So I learned the lesson that I keep learning over and over again. Each day we are confronted with seeming miscues that can lead us in the wrong direction. An open mind, vigilance, and measured skepticism will keep you from diving into a shallow pool good advice to judges and lawyers, whether reading a brief, a motion, examining a witness, or interviewing a client. You think you know everything, how things will turn out, what will happen, and then the carpet is pulled out from under you and the unexpected happens. But when you look back, you see what happened was not all that unexpected. In fact, it makes perfect sense. In extreme situations, what made seeming sense at the time, in retrospect, was foolhardy and painful to accept. Investors with Bernie Madoff come to mind.

This all leads to an inescapable conclusion: a key ingredient of life is uncertainty. In fact, the only certainty is death. Taxes used to be the other certainty, but after a review of Congress and the State Legislature, I am not so certain.

But oddly, I found that death's certainty is a good way to handle the lesson I learned from my encounter on Olympic Blvd. I gained this insight from Timothy Tosta's valuable book "#DEATHtweet," published by THINKaha (2010). The cover accurately tells the reader that the book is a guide to "A Well-Lived Life through 140 Perspectives on Death and Its Teachings."

Tosta, a land-use and environmental lawyer, is well known to Daily Journal readers through his columns and lectures about how to live a fulfilling, balanced life. Yes, this includes lawyers working in a stressful environment. I bet it also includes judges, though I might get an argument about the "stressful environment" part.

Tosta's quest to "living life to its fullest" and the insights he gained were engendered when he was diagnosed with terminal cancer. That he has been with us for close to two decades since that prognosis proves that uncertainty is pervasive. His more recent work as a hospice volunteer helped sharpen the depth of his insights.

Tosta reasons that because death is certain, "[i]t teaches us how to live in our remaining time." His book treats, or should I say "tweets," us to 140 pithy insights that one will read and go back to again and again. Each of these terse lessons resonate when applied against the backdrop of our daily experiences. Tweet 4 teaches that "[t]ruly living your life is the best preparation for death." Read on for ways to achieve this goal. Tweet 53 is one lesson I am working on to perfect, "When you no longer can change a situation, you always can change yourself." When applied to a conference with my colleagues at the court, I would add…"and you always can dissent."

Tweets 70 and 71 pose provocative questions and challenges: "If this part of your life were a sport, how would you get 'in shape' to play?" And "Can you become the best performer ever in your life's sport?" The tweets on listening help establish understanding and forging relationships, whether they be with clients, friends or loved ones.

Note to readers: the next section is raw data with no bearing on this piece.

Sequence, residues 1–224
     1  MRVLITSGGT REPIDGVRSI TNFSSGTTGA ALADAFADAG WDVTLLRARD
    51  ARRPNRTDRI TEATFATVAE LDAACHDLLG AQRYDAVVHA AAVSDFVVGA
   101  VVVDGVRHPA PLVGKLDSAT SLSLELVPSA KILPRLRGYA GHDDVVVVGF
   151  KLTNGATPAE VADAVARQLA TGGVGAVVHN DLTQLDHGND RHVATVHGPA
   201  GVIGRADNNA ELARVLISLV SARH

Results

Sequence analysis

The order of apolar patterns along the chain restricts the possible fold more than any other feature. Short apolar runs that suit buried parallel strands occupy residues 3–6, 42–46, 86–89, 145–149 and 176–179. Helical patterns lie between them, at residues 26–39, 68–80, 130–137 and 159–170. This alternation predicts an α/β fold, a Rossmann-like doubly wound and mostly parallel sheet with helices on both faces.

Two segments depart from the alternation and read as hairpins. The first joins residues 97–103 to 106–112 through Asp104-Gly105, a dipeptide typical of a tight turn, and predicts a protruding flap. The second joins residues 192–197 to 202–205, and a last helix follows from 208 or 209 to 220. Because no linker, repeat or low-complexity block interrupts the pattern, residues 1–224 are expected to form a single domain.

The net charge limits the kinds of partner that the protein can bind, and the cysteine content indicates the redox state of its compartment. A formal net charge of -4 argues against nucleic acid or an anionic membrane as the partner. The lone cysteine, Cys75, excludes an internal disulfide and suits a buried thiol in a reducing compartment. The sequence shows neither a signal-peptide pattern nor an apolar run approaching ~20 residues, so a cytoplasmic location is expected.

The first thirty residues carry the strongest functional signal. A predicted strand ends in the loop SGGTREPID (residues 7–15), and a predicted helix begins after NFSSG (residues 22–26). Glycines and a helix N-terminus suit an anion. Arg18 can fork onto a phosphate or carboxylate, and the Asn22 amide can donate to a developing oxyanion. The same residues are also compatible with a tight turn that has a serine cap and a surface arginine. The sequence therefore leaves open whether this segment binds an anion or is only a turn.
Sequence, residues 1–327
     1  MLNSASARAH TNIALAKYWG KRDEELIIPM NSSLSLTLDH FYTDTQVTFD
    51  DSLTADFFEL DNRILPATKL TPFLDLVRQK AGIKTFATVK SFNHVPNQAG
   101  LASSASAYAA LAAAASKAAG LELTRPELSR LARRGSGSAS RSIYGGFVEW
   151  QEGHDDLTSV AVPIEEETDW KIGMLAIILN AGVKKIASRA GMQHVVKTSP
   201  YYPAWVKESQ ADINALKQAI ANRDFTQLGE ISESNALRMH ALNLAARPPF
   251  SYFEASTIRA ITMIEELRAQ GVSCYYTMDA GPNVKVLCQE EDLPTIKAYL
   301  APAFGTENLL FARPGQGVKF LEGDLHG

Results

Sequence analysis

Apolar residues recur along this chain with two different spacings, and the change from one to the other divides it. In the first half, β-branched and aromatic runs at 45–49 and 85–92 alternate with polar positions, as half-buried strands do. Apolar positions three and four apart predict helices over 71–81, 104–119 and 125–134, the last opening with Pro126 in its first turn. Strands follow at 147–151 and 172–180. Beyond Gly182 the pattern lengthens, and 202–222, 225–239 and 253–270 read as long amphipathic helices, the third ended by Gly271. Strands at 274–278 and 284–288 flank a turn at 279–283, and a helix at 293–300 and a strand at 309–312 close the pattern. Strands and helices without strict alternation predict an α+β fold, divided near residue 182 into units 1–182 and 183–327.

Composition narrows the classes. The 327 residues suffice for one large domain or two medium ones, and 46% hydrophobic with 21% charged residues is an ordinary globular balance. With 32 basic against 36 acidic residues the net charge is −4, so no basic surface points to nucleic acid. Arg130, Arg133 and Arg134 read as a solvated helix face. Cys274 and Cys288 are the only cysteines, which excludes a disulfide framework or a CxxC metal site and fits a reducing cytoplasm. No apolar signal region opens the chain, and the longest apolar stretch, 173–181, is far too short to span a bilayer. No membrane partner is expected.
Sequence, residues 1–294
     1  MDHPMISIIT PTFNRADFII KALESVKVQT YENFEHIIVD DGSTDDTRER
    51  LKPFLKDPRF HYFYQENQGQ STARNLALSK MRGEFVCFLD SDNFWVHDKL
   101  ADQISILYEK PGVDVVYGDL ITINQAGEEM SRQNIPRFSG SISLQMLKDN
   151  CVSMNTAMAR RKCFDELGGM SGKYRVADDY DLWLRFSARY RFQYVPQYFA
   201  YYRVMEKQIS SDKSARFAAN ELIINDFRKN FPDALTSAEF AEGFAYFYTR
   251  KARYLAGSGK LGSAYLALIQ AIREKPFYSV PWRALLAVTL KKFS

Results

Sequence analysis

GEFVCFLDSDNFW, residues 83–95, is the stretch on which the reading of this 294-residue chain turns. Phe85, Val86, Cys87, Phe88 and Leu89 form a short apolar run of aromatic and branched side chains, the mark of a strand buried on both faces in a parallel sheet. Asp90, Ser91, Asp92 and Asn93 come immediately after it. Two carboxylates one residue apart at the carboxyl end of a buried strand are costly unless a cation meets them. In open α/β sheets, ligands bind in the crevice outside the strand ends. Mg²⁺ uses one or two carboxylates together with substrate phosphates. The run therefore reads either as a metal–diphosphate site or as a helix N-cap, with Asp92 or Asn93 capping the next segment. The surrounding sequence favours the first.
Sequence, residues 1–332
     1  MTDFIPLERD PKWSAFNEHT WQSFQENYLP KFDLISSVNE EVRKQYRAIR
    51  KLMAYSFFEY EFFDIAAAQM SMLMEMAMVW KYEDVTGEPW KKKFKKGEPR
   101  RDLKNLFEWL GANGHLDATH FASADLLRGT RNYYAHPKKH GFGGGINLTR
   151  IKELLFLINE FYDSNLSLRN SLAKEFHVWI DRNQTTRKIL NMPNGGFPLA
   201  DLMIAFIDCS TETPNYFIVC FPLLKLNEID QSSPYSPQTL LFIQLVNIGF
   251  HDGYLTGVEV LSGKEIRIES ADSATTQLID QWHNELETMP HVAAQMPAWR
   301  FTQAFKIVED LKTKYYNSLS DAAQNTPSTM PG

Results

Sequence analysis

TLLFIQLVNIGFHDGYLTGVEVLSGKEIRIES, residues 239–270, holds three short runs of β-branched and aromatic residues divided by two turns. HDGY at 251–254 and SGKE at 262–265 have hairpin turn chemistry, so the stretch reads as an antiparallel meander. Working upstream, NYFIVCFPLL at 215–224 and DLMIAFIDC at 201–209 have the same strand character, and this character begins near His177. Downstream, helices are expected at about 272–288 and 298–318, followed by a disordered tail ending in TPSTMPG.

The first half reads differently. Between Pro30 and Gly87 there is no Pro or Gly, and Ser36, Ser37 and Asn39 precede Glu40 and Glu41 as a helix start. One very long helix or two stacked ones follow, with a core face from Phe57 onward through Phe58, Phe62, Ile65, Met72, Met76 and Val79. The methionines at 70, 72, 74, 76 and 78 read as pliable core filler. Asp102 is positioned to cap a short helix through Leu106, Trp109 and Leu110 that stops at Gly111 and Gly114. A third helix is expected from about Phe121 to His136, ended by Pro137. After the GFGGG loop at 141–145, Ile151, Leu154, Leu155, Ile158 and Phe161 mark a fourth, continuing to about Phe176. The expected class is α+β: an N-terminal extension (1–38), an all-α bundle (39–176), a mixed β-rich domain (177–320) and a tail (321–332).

My impression of our soon-to-be Chief Justice, Tani Cantil-Sakauye, is that she is in tune with many of Tosta's life lessons. Tweet 72 seems particularly applicable to her new role as California's Chief Justice: "Think, analyze, and formulate a program. Break things down into manageable tasks and achievable goals. Allow yourself to succeed." No doubt in my mind she will.

Tuesday, May 04, 2010

Goodbye To Gene Lees, An Extraordinary Writer

Last week a good friend of mine, Gene Lees, passed away. He was one of the nation's great jazz critics and lyricists. His output was prodigious. He was a newspaper columnist, former editor of DownBeat Magazine, an author of numerous biographies that included Dizzy Gillespie, Woody Herman, Oscar Peterson and Johnny Mercer. He had just put the finishing touches on a biography of Artie Shaw shortly before his death. He also wrote novels, essays, articles, and a sui generis jazz newsletter filled with his reflections on music, philosophy, literature, history and whatever else he found interesting.

Gene could elucidate complex ideas with lucidity and clarity. Through example, he taught me that the course title “legal writing” is a misnomer. All writing, particularly expository writing, whether legal or otherwise, share much in common. One has to write for the reader, not for the egotistical writer. The writer's well-crafted piece engages and enlightens the reader. We lawyers and judges have a good deal to learn from Gene Lees.

An example of Gene's writing appeared in a touching obituary by Elaine Woo in the Los Angeles Times, on April 24, 2010: "In his piece 'Waiting for Dizzy,' [Gene] wrote [of Dizzy Gillespie]: 'There is a gesture he has, a motion, that always reminds me of a great batter leaning into a hit. He has a way of throwing one foot forward, putting his head down a bit as he silently runs the valves, and then the cheeks bloom out in the way that has mystified his dentist for years, and he hits into the solo. When that foot goes forward like that, you know that John Birks Gillespie is no longer clowning. Stand back.'"

I never believed all that much in destiny, but through a series of events beginning in my early childhood, I think I was destined to meet the redoubtable Gene Lees.

When I was a kid, I studied the piano on and off. My parents were hoping I would be a lawyer or a doctor not, God forbid, a musician. In a previous column I mentioned that we lived at Venice beach in the 1940’s. Gas was rationed because of the war. We were not important enough to have a C sticker on our 1941 Plymouth. You had to be someone important, like a doctor, or maybe a judge, to get a C sticker. Oddly enough, an A sticker meant our gas allotment was severely rationed because use of our car was "nonessential."